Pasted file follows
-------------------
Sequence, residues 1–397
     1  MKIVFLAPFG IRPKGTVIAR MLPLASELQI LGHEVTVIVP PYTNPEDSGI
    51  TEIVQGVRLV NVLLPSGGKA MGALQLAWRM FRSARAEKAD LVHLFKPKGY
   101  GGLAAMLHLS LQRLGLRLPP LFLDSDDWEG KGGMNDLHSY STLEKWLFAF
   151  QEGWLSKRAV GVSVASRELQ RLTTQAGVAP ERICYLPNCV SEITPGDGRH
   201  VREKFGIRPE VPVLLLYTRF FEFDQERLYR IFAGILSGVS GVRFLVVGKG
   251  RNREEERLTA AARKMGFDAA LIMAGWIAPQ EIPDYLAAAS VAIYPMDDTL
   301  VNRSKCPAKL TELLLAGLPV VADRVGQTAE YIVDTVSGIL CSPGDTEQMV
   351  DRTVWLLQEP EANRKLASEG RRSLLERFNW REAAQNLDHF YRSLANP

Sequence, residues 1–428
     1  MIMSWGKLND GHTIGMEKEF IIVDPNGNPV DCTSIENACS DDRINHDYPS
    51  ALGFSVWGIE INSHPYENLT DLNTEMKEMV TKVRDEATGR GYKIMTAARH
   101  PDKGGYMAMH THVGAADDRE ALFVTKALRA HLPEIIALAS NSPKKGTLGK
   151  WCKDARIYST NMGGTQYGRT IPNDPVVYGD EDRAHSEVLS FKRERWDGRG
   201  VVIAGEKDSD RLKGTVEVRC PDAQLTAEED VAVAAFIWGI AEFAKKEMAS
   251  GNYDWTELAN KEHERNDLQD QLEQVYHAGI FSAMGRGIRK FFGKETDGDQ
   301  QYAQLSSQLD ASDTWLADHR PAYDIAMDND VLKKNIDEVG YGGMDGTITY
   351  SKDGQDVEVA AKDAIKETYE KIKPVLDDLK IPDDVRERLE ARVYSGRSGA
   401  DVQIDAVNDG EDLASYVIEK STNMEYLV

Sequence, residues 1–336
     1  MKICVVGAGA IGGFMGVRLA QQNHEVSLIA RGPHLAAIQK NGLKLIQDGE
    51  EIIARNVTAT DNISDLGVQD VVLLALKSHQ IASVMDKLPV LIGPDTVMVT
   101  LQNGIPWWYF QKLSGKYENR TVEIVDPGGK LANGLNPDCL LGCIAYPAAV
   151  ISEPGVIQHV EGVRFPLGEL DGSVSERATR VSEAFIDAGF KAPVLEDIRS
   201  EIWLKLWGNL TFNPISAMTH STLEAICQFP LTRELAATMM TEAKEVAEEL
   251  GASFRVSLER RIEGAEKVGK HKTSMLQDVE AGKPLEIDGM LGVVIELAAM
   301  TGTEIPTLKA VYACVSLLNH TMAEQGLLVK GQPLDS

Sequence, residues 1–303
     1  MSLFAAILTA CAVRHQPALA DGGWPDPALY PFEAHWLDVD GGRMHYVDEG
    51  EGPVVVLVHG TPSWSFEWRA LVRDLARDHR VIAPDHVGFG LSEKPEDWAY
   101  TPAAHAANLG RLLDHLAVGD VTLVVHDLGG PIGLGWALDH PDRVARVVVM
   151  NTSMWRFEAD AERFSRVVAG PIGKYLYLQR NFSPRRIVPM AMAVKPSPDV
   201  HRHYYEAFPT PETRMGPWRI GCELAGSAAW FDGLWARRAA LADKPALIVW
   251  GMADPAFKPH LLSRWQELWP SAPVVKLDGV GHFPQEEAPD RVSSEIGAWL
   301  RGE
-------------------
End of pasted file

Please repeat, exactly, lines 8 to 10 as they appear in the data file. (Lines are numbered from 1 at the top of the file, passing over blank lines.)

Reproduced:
   301  VNRSKCPAKL TELLLAGLPV VADRVGQTAE YIVDTVSGIL CSPGDTEQMV
   351  DRTVWLLQEP EANRKLASEG RRSLLERFNW REAAQNLDHF YRSLANP

Sequence, residues 1–428